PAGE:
With plans for three new electric vehicles by 2020, could Audi become the Tesla of Europe?By Rob Thubron 8 comments
Tesla doesn't have the monopoly on electric vehicles; many large automakers have already gotten in on the electric car market, with Audi previously announcing its intention to ramp up production by releasing one EV every year starting in 2018.
Last Wednesday, company CEO Rupert Stadler outlined these plans to release three electric vehicles by 2020 to managers at a closed-door conference in Munich, reports Reuters. Audi expects electric cars to make up 25% to 30% of all its annual sales by 2025, putting it in direct competition with Tesla. Based on current figures, that would equal around 450,000 cars per year.
Audi's decision to invest a third of its R&D budget into electric cars, an area that is still losing money for many vehicle manufacturers, is partly a result of the emissions-test cheating scandal that damaged the reputation of its parent company Volkswagen.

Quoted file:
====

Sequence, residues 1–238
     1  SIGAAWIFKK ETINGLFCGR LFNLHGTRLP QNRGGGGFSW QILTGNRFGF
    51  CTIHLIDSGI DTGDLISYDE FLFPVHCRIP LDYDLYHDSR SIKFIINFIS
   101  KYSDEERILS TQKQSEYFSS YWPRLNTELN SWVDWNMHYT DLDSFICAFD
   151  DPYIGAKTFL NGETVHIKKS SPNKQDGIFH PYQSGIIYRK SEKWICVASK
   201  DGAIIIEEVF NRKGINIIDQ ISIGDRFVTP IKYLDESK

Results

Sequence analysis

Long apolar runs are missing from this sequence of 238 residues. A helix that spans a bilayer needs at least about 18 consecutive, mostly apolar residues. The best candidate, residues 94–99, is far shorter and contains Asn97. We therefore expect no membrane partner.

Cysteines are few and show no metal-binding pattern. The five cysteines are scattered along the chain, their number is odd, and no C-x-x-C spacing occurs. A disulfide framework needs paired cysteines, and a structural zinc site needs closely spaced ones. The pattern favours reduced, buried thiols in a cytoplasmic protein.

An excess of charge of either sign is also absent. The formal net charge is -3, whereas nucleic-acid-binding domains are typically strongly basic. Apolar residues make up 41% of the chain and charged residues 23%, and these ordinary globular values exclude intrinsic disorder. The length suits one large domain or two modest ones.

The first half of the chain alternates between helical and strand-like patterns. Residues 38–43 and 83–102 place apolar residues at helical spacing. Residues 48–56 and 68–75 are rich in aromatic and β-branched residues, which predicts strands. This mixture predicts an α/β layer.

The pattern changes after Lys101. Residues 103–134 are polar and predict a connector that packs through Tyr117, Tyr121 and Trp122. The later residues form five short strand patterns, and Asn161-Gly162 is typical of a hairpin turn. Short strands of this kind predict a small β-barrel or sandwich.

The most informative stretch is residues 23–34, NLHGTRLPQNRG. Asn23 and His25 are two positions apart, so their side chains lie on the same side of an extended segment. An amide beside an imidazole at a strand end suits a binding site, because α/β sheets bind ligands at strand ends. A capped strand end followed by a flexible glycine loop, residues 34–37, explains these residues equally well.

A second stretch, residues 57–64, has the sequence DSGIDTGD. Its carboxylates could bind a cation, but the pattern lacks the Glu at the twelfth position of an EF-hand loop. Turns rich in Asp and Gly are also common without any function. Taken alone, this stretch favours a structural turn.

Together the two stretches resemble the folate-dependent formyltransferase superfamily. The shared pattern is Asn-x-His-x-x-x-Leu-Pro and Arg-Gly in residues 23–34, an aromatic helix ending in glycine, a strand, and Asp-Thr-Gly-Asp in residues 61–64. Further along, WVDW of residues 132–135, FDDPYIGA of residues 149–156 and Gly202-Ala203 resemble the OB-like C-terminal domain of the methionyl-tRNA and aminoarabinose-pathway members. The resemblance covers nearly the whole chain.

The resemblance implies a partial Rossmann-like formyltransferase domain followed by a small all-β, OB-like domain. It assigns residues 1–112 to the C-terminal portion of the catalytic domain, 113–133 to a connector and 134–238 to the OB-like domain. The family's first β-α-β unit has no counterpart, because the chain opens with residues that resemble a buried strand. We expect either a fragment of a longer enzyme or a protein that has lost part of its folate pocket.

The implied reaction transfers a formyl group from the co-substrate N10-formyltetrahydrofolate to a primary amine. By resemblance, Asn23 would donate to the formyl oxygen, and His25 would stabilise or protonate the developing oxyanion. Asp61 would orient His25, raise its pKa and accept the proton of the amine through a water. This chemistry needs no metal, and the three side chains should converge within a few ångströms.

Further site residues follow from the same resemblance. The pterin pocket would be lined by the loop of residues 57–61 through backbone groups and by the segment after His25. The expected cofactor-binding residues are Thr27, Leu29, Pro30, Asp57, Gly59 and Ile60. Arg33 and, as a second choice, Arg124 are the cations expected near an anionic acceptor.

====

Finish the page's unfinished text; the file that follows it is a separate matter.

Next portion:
The German company is also looking to challenge the likes of Tesla and Google in another area: autonomous vehicles. Audi will set up a subsidiary called SDS that will produce the firm's first self-driving car. "This is about a robot car that may not even need a steering wheel or pedals, so it's ideal for urban traffic," Stadler said, adding that Audi was still looking for partners to help develop the technology.
Lastly, Audi is looking at implementing fuel cell tech into its cars, but it says this is a long-term plan as the lack of charging stations won't make these vehicles a viable option until at least 2020. Speaking about the demand for fuel cell cars, Stadler said: "That is less a question of technology, we are already quite good at that. It's rather going to be a question of infrastructure."
As Audi moves more resources into these technologies, the company will "reduce complexity" in other areas.